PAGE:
â€œIt's been a long 13 years,â€ Witte said.
â€œI feel like it's a celebratory time because things are finally being done about the issue.â€
Witte appeared at a news conference on Capitol Hill with Democratic Sen. Kirsten Gillibrand of New York, Rep. Jan Schakowsky, D-Ill., and Rep. Joe Crowley, D-N.Y., all of whom have pushed for stronger crib safety rules.
The new standard mandates tougher safety testing for cribs, tests that more closely mimic a child in a crib. As children get older, they can apply more force to the crib â€” shaking on it, running around in it, jumping up and down. The new tests aim to make sure the cribs can take that kind of pressure.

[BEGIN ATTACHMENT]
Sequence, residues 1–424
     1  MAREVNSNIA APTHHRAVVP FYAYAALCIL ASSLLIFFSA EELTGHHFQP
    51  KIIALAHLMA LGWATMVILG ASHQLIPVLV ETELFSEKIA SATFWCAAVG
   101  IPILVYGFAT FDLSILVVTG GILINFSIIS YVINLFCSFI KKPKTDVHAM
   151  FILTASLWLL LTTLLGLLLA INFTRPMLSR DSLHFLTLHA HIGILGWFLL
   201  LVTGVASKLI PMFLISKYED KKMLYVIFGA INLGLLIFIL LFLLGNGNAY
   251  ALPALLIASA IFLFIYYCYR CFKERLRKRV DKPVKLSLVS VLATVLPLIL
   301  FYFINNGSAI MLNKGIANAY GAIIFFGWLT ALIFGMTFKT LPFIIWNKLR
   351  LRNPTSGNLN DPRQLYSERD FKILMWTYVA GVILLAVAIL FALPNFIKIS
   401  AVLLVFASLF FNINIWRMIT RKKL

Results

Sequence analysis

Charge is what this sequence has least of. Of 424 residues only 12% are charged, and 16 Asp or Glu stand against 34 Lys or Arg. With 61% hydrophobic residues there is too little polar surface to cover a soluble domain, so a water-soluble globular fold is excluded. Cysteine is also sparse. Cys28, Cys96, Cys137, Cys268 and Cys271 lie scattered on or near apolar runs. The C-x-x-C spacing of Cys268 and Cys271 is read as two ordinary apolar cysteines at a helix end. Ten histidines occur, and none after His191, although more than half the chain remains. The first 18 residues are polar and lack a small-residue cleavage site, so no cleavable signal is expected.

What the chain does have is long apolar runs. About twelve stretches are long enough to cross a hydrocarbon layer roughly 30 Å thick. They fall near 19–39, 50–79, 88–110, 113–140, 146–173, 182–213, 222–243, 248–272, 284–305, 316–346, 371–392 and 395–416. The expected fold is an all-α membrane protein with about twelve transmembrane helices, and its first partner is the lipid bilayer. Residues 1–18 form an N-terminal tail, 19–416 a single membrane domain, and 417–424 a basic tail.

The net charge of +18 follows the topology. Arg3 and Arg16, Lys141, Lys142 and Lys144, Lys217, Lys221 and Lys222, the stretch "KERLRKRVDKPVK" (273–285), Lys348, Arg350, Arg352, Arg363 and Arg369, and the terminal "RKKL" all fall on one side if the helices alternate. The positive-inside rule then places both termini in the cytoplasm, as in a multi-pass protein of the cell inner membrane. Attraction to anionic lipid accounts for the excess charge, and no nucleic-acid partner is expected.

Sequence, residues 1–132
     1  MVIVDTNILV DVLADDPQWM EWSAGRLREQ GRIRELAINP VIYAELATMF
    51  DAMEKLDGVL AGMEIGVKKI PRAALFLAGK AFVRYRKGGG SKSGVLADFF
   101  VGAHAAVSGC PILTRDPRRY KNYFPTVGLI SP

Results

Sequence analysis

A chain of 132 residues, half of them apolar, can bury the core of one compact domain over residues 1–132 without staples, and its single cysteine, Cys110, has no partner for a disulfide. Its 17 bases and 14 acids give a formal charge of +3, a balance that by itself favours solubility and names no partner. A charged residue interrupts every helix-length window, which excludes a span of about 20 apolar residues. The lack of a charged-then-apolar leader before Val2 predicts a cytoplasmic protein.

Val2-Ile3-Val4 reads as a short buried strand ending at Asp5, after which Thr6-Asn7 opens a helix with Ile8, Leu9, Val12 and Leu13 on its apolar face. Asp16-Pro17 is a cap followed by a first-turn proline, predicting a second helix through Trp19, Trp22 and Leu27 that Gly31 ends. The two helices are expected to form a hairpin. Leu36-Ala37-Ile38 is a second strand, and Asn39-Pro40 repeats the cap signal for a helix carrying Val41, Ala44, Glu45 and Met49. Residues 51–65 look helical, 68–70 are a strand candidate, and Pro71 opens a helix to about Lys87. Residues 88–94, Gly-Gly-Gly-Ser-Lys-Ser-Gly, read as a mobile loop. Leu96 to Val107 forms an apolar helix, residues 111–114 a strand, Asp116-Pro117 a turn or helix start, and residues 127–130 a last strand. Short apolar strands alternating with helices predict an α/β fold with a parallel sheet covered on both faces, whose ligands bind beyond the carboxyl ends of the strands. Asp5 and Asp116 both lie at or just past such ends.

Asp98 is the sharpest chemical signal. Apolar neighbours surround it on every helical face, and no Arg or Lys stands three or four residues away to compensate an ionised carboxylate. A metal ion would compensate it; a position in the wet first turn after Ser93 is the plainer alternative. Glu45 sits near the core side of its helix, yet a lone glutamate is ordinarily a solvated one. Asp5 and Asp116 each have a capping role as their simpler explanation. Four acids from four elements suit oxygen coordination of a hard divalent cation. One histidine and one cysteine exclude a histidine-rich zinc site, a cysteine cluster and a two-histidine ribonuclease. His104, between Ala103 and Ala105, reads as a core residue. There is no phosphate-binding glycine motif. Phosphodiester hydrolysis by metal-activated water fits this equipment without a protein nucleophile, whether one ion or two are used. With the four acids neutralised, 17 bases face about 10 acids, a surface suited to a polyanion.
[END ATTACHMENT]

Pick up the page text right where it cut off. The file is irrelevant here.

Better labeling on crib pieces will also be required â€” a measure that aims to cut down on the misassembly problems that can lead to the death of a child.
Crib makers were already phasing out drop-side cribs over the last couple of years, amid increasing problems. And last year, the organization that sets voluntary industry standards â€” ASTM International â€” approved a drop-side ban.
Is your crib safe?
Parents who are using drop-side cribs are advised to check the hardware on the cribs to be certain it's working properly and to make sure their crib has not been recalled. The Juvenile Products Manufacturers Association, which represents over 90 percent of the crib industry, says properly assembled drop-sides that haven't been recalled can be safely used.